Being so early in the company gave me a chance to meet most people as they arrived. This gave me the chance to connect with departments like sales, customer care, finance, and engineering. One by one, I could get to know them and share with them what we did and proposed ways in which we could work together.

One initiative I set up early was to create a “fresh eyes” session for everyone that joined the company. This was the easiest and cheapest way to test the product, whilst connecting with new colleagues. Each new person that joined met with me for 30 minutes where we would go through different scenarios using our product. It was predominantly usability testing, but also empowered newcomers to challenge our thinking. It was easy to forget the “why” in some of the things we did—this served as a constant reminder.

In addition to that, it was a great chance to demonstrate the value of curiosity. If our sales or customer care agents could share a similar passion for understanding what works and what doesn’t when speaking with customers we can all help to build a collective picture of what success looks like.

What is the biggest mistake you think a lot of companies make when first attempting to create a design-centric culture? How could these mistakes be avoided?

I read a lot about design getting a seat at the table—as if it is some sort of right. Few other disciplines could work in that way, and this sense of entitlement can be dangerous. In short, you earn that seat.

In order for us to break any preconceptions of design, we need to get better at explaining what we do. We need to bring broader conversations to the table. Customer insights, data, technical constraints, and business goals need to be there in most discussions. We need to be better at tying our thinking and our solutions back to those points—otherwise our colleagues see us as working in an oblivious bubble—just focused on the shiny pixels.

Another mistake that can be made often is assuming that one or a few people have all the answers. It can be so liberating and eye-opening to open discussions to broader audiences. In doing so you also get natural buy-in from those people as they feel more involved from the start.

How could every person from UX and Design team make an impact in fostering design culture?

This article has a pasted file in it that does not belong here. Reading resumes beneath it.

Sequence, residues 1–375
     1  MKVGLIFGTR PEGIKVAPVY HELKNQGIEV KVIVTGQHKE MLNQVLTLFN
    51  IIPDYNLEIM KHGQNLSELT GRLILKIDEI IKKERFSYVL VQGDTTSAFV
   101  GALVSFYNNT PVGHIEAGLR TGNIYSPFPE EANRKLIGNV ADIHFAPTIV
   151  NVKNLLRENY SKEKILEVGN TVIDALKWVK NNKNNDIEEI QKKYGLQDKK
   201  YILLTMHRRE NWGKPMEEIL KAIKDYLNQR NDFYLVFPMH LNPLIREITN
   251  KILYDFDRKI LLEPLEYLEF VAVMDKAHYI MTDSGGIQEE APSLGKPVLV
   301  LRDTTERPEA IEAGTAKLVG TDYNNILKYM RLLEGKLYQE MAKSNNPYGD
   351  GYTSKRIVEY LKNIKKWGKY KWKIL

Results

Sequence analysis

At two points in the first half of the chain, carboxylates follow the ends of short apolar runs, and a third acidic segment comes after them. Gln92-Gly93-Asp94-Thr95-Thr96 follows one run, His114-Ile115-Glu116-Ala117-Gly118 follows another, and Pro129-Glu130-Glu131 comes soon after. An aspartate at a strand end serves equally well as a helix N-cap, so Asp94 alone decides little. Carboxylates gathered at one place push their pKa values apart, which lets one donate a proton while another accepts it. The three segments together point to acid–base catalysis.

Ask questions. It sounds simple, yet can be so hard. It’s something I ask my team to practice as much as possible. When given a user story or task to focus on, stop. Ask why. Why is this more important than that? What value does this bring to the customers? How will this help us to achieve our broader goals?

All too often it can be easy to stick to the momentum and keep running. As painful as it can be, it’s often best to throw a stick into the wheel and stop riding for a second. Taking time to look around, to spend that bit longer understanding the problem space pays off.

On top of that, leveraging practices like design-thinking workshops can help. It opens up the “magic” of what you do. It gives your colleagues tools that they can take away and use, making your life easier. When done well, these workshops will elevate an understanding of customer needs and the problem space. They will uncover solutions that no-one thought possible before. By gathering and sharing information collectively, it also leads to an improved culture between teams.

How do you cultivate design culture on an everyday basis as a leader?

With the size of the team growing, I’ll admit—it’s been tough. One truism is that the design culture will rely entirely on the people that underpin the discipline. One of the hardest parts has been finding the right people with the right mix of skills. Getting this right has to be the first step.

For every new person that joined the team, I would create a matrix of skill sets and look at what gaps we had. This would help when trying to identify what kind of personalities and skills we needed. Having a mix of complementary skills allows everyone to learn from one another—rather than having 10 people who are all more-or-less the same.

On a more operational level, you have to set up tools and processes that facilitate and encourage positive behavior. One such change was our move from Sketch and Abstract to Figma. Doing this meant that all work was immediately accessible to anyone in the team. It brought huge transparency and avoided those situations where someone could sit on their design until that “ta-da” moment.